Medical aid crucial during hard times



When times are tough and funds runs dry, cutting down on ‘grudge’ purchases, such as insurance, is often one of the first things beleaguered consumers do to relieve some of their financial pressure. There are more smart ways to save money, and skipping out on health insurance could be catastrophic. “Cancelling your medical scheme membership to save money in the short term may in the longer term cost you and your family dearly,” cautions Liberty Medical Scheme’s executive principal officer, Andrew Edwards. Without medical scheme cover, people have no choice but to rely on the overburdened, underserviced state healthcare facilities – or fund the costs out of their own pocket, he points out. “Younger, healthier people could pay for the occasional visit to the doctor and medicine out of their own pocket, but what if they needed specialist attention because of an unexpected illness or a tragic accident?” says Edwards.

Through medical aid cover, members can access some of the best private hospitals in the world, often serviced by pioneering specialists and experts in their respective fields, thus ensuring considerable peace of mind. In addition, medical schemes pay for many other healthcare needs such as nursing, surgery, dental work, medicine, physiotherapy and eye-care. Even on entry-level and low-cost options, medical scheme members can still access excellent doctor and private hospital networks. More importantly, medical scheme membership protects members financially if they suddenly have to pay large, unexpected medical costs. In addition, they can usually rest assured that there will be no delay in medical treatment. People who don’t have health insurance tend to wait until their condition is at its worst and use the emergency room to receive care. This results in large bills from doctors and facilities that often go unpaid.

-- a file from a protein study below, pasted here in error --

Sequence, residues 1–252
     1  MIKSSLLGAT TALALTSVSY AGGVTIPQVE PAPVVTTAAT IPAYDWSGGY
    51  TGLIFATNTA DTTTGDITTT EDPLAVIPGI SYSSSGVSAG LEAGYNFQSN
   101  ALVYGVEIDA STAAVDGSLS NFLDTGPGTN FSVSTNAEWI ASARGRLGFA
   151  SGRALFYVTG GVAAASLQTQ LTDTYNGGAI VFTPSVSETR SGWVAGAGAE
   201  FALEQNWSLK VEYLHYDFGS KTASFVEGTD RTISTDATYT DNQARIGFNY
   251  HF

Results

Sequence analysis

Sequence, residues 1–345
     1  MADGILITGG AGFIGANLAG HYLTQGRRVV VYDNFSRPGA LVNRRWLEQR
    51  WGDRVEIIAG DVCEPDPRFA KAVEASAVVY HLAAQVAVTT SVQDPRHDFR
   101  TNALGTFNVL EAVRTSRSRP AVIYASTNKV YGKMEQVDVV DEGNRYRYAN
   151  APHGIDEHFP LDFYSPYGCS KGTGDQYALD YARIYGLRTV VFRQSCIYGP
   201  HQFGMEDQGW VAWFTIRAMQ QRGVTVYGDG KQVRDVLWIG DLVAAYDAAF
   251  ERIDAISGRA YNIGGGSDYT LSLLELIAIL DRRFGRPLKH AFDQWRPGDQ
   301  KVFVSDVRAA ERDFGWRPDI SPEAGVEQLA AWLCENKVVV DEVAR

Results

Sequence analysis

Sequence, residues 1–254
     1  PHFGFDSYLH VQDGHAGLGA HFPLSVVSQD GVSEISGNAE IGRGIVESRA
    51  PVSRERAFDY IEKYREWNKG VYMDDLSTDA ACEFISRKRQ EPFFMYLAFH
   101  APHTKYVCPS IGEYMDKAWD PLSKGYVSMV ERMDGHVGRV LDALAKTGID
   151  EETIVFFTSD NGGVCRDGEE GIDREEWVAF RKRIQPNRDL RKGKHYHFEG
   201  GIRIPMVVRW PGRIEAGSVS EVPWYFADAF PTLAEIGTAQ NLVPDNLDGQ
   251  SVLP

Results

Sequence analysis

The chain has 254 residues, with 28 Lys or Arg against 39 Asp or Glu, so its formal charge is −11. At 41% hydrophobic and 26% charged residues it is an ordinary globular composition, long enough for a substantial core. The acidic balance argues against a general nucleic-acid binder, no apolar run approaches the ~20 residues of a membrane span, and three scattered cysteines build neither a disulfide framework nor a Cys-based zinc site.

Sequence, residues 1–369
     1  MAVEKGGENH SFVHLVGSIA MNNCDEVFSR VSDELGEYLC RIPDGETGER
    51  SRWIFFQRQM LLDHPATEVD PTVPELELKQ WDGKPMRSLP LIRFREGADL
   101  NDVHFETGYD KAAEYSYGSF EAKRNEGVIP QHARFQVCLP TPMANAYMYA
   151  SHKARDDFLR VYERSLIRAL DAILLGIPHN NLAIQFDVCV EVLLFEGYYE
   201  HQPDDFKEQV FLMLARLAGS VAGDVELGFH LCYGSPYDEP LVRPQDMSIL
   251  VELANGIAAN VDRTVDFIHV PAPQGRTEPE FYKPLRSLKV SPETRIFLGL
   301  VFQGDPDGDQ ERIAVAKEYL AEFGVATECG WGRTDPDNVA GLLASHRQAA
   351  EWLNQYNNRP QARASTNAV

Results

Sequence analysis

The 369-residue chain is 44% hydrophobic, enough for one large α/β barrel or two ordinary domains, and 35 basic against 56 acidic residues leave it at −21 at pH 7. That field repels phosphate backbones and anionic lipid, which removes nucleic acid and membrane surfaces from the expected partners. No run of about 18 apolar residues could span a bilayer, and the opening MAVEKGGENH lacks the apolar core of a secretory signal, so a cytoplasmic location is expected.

To recoup those funds, hospitals are often forced to charge more for services to everyone across the board. Studies also show that uninsured individuals don’t receive the same quality or amount of preventive care those with cover enjoy and may be putting themselves at greater financial risk than their insured counterparts. Medical scheme members, on the other hand, are more likely to make use of preventative care benefits offered by schemes, using it for annual check-ups and other diagnostic tests that can catch serious medical conditions early when they are still treatable. Some of the latest research shows that people with health cover are also found to be mentally and physically healthier. Consumers of healthcare should also be aware of the fact that medical scheme cover and health insurance products such as hospital plans and other gap/top-up insurance products differ in that they serve different purposes.

“Mainly aiming to provide additional cover because of what healthcare providers charge, gap/top-up cover plays an important supplementary role. Medical scheme membership, on the other hand, is indispensable insofar is it provides comprehensive cover, including cover for Prescribed Minimum Benefits (PMBs). In addition, medical schemes are regulated by the Council for Medical Schemes, thus ensuring compliance with the Medical Schemes Act, to the benefit of its members. Contrary to public perception that all medical scheme options are expensive, schemes offer affordable, low-cost and entry-level options to suit all members’ needs, Edwards adds. “As sound medical schemes revise and review their scheme options every year to ensure that the benefits appeal to members, meet their needs and are appropriately priced and affordable, medical scheme membership is the wise option, ensuring peace of mind in the most difficult circumstances,” concludes Edwards. Meanwhile, president Jacob Zuma has also pledged the ANC’s full support for the National Health Insurance. The project is being piloted at identified hospitals across South Africa and aims to bring affordable, quality health care to the poorest of the poor.